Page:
War Movie Mondays (Wednesday Edition): 'All Quiet on the Western Front'

War Movie Mondays (Wednesday Edition): ‘All Quiet on the Western Front’

This week’s War Movie Monday pick is Universal Picture’s first ever Academy Award winning film for Best Picture and for Best Director (Lewis Milestone), All Quiet on the Western Front (1930). The film stars Lew Ayres, Louis Wolheim, John Wray, Ben Alexander, and Slim Summerville.

All Quiet on the Western Front has been hailed as the greatest anti-war film of all time. Based on Erich Maria Remarque’s novel of the same name, the film follows a group of young men who witness the horrors of World War I after being convinced by their schoolmaster that duty to one’s country and to shed blood in defense of the fatherland is a noble deed.

The small group of young men quickly gets their first dose of military life after they endure basic training at the hands of their drill instructor Himmelstoss (Wray) who is the World War I equivalent of what R. Lee Ermey was for Kubrick’s Full Metal Jacket. After just only a few short weeks of basic training, the young men are sent off to the front and are plunged head first into combat.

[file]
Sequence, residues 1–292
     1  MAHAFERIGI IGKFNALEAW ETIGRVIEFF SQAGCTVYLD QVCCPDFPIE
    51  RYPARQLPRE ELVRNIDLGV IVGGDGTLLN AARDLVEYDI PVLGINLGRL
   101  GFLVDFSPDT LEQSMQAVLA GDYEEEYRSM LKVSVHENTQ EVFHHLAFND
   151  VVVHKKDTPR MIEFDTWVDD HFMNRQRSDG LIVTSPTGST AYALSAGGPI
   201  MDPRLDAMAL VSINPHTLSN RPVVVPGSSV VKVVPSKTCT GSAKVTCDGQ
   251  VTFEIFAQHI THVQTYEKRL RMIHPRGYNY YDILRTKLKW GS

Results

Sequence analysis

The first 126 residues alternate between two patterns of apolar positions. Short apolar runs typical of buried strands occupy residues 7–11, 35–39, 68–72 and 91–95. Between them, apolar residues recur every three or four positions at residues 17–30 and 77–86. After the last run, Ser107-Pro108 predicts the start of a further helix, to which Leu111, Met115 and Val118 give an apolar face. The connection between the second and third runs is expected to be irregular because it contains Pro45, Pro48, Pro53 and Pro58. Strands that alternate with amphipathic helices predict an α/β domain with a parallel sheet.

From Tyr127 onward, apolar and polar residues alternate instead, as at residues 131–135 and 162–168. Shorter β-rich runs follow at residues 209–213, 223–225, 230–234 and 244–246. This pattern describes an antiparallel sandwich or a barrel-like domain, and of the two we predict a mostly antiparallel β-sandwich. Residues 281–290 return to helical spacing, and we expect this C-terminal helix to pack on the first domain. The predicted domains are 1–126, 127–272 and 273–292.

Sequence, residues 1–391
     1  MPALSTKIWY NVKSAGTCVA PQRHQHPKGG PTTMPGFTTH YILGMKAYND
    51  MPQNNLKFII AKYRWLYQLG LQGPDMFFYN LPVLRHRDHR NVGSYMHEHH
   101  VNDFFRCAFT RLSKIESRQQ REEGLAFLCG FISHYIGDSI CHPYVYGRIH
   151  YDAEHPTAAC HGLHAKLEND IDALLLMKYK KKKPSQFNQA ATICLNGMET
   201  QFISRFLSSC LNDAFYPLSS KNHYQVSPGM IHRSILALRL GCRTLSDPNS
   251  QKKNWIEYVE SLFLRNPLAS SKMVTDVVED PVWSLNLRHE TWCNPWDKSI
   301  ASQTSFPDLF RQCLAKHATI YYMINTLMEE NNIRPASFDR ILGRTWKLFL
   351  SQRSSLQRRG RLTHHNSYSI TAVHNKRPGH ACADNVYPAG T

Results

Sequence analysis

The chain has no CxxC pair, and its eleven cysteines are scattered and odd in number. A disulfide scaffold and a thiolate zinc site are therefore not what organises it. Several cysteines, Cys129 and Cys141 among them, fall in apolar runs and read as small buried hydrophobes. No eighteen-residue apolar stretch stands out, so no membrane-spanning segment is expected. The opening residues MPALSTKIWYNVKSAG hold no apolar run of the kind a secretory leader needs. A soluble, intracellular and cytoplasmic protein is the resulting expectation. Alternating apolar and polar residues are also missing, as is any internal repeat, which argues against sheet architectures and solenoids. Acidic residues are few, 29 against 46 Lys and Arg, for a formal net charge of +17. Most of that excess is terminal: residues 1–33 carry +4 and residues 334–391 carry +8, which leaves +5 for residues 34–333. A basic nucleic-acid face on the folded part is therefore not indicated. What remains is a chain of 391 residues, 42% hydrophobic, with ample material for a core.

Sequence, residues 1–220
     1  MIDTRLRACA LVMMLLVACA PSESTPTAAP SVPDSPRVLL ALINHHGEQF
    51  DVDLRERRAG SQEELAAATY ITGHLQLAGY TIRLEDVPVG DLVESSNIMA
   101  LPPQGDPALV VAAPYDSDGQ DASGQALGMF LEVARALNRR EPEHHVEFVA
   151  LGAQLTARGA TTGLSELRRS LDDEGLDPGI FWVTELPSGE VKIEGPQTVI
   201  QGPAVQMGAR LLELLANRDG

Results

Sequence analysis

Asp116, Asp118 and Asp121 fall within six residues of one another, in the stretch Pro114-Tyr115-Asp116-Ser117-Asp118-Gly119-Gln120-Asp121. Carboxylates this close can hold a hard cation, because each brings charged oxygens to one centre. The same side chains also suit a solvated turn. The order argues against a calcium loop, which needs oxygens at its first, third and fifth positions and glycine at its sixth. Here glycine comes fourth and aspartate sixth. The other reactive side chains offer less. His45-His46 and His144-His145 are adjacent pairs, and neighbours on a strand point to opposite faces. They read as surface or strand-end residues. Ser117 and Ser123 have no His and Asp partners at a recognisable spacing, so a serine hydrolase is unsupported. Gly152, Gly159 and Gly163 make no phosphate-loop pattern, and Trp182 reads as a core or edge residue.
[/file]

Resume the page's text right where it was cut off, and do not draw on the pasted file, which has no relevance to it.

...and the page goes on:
When Paul (Ayres) and his fellow enlistees arrive at the front by rail, they witness their first bombardment that causes them to fall to the ground and huddle in fear as the whistling sound of shells flies overhead. One of the young recruits is killed and the others are assigned to a unit of the Second Company who are held up in a bombed out house on the outskirts of the town they’ve arrived in.